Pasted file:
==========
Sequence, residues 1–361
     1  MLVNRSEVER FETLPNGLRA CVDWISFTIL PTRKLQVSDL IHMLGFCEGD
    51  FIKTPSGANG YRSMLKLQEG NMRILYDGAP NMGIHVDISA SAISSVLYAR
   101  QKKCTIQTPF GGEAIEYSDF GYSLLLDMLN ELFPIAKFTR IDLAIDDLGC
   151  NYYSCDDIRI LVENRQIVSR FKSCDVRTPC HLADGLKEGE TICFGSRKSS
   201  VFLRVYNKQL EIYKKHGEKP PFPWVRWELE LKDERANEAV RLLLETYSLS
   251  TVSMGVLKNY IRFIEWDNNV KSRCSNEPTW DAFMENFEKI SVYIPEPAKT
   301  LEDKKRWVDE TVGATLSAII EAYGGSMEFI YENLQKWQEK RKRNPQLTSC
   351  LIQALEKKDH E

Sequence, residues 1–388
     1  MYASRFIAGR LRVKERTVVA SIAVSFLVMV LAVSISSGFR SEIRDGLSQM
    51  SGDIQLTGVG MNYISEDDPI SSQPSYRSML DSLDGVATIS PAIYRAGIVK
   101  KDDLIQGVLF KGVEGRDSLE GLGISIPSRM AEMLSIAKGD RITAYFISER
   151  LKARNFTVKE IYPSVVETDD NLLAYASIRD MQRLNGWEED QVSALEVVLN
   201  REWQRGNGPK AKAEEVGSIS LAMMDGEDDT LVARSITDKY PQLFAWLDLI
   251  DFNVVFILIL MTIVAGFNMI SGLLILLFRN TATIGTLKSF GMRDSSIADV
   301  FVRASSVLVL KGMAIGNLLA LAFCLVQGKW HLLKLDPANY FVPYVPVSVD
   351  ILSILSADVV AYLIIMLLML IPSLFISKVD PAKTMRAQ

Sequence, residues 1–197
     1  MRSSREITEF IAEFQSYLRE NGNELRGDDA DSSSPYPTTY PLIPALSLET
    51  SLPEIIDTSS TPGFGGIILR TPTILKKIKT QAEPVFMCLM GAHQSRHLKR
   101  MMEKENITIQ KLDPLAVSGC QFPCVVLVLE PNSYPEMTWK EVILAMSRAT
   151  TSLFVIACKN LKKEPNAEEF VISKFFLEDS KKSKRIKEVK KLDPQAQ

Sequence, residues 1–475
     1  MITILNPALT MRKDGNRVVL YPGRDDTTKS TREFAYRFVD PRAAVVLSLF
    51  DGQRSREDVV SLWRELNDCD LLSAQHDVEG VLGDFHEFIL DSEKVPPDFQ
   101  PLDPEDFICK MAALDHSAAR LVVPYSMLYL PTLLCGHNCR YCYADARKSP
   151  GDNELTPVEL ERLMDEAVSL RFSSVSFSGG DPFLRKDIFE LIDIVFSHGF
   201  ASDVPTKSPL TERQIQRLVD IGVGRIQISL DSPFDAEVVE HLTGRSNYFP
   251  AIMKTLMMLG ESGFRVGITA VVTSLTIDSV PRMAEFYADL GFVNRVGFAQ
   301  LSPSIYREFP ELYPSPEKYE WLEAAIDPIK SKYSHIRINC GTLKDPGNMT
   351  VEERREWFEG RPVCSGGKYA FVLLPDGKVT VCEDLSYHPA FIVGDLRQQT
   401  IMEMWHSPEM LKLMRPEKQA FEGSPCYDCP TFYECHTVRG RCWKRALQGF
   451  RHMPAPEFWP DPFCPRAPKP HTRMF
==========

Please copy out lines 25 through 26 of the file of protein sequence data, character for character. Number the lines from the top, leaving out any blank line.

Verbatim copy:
     1  MITILNPALT MRKDGNRVVL YPGRDDTTKS TREFAYRFVD PRAAVVLSLF
    51  DGQRSREDVV SLWRELNDCD LLSAQHDVEG VLGDFHEFIL DSEKVPPDFQ